The idea of experiential marketing — the chance for consumers to interact with a product’s marketing campaign — is a good one, but too often winds up looking cheap (think cardboard cutouts) or doesn’t work (defective touchscreens).

For the launch of Disney’s fourth “Pirates of the Caribbean,” which sets sail May 20, British marketing agency Five33, which recently opened an office in Los Angeles, has created two displays for a Hot Topic promo that could easily be installed at the Mouse House’s theme parks once the pic has bowed in megaplexes.

At Los Angeles’ Hollywood & Highland entertainment and shopping complex, the company has re-created part of the bow of the Queen Anne’s Revenge, the gothic ship in the film, while at Westfield’s Garden State Plaza mall in New Jersey, another galleon sails the stormy seas inside a bottle.

Big draw in both cases is the sheer size of the displays, as well as the meticulous detail and quality that Five33 (which also worked on a similar “Alice in Wonderland” effort for Disney and Hot Topic) put into designing and building each one.

The wood of the near full-scale portion of the ship and the bones of skulls and skeletons look like the real thing; the ring on the door leading into Blackbeard’s quarters is made of heavy metal. And the ship inside the bottle moves with each crashing wave, just as it does inside its glass prison in the film.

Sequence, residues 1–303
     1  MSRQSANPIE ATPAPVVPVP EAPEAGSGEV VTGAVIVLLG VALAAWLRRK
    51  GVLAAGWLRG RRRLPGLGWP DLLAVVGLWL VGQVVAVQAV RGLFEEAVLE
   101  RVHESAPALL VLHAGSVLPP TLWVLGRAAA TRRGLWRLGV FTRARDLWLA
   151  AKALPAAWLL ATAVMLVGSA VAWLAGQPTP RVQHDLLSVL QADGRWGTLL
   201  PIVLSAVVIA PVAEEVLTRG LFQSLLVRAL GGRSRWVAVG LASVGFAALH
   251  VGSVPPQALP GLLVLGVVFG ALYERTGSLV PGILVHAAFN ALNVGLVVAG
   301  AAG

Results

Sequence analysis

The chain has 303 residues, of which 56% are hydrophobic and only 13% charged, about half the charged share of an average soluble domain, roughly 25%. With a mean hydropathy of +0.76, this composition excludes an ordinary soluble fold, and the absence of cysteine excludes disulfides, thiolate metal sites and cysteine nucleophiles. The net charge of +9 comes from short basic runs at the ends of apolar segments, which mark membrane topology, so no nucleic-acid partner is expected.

While watching shoppers interact with the display at H&H, it’s clear that consumers think it’s a real setpiece, with individuals careful not to break any of the props as they take advantage of the photo opportunity.

As a result, it’s no surprise that both displays have been attracting large crowds at their respective malls, driving traffic into Hot Topic stores, but also providing Disney with a unique billboard for its franchise that encourages fans to Tweet and post Facebook messages of their experiences, which easily spreads the word to millions of moviegoers.

And that’s exactly the point: to create something that gets prospective auds excited enough to buzz about and then buy tickets. When it works, it’s like capturing lightning — make that a ship — in a bottle.